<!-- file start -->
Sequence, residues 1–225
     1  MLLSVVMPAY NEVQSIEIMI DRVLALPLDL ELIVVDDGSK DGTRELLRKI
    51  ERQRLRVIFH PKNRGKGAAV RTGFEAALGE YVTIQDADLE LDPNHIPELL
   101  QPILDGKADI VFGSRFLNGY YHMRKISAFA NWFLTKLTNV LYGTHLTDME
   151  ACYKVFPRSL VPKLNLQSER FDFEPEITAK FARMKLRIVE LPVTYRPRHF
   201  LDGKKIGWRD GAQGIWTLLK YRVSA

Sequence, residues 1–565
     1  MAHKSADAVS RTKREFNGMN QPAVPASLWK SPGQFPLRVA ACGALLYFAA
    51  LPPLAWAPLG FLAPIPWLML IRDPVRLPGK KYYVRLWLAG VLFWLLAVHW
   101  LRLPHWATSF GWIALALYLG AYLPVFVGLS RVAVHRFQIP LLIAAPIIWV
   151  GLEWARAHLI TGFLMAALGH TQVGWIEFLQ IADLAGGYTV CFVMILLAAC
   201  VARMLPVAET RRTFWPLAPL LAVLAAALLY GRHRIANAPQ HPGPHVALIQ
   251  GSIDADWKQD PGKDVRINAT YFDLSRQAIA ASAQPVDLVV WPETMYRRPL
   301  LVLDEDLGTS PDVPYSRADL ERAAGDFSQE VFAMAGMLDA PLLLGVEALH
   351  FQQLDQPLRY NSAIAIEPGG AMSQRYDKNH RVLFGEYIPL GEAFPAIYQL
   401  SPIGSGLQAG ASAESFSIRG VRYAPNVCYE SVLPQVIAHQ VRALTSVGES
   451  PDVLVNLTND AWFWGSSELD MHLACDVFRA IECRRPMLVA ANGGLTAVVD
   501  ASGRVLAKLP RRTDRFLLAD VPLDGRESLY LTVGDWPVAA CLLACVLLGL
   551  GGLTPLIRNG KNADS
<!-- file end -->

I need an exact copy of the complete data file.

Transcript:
Sequence, residues 1–225
     1  MLLSVVMPAY NEVQSIEIMI DRVLALPLDL ELIVVDDGSK DGTRELLRKI
    51  ERQRLRVIFH PKNRGKGAAV RTGFEAALGE YVTIQDADLE LDPNHIPELL
   101  QPILDGKADI VFGSRFLNGY YHMRKISAFA NWFLTKLTNV LYGTHLTDME
   151  ACYKVFPRSL VPKLNLQSER FDFEPEITAK FARMKLRIVE LPVTYRPRHF
   201  LDGKKIGWRD GAQGIWTLLK YRVSA

Sequence, residues 1–565
     1  MAHKSADAVS RTKREFNGMN QPAVPASLWK SPGQFPLRVA ACGALLYFAA
    51  LPPLAWAPLG FLAPIPWLML IRDPVRLPGK KYYVRLWLAG VLFWLLAVHW
   101  LRLPHWATSF GWIALALYLG AYLPVFVGLS RVAVHRFQIP LLIAAPIIWV
   151  GLEWARAHLI TGFLMAALGH TQVGWIEFLQ IADLAGGYTV CFVMILLAAC
   201  VARMLPVAET RRTFWPLAPL LAVLAAALLY GRHRIANAPQ HPGPHVALIQ
   251  GSIDADWKQD PGKDVRINAT YFDLSRQAIA ASAQPVDLVV WPETMYRRPL
   301  LVLDEDLGTS PDVPYSRADL ERAAGDFSQE VFAMAGMLDA PLLLGVEALH
   351  FQQLDQPLRY NSAIAIEPGG AMSQRYDKNH RVLFGEYIPL GEAFPAIYQL
   401  SPIGSGLQAG ASAESFSIRG VRYAPNVCYE SVLPQVIAHQ VRALTSVGES
   451  PDVLVNLTND AWFWGSSELD MHLACDVFRA IECRRPMLVA ANGGLTAVVD
   501  ASGRVLAKLP RRTDRFLLAD VPLDGRESLY LTVGDWPVAA CLLACVLLGL
   551  GGLTPLIRNG KNADS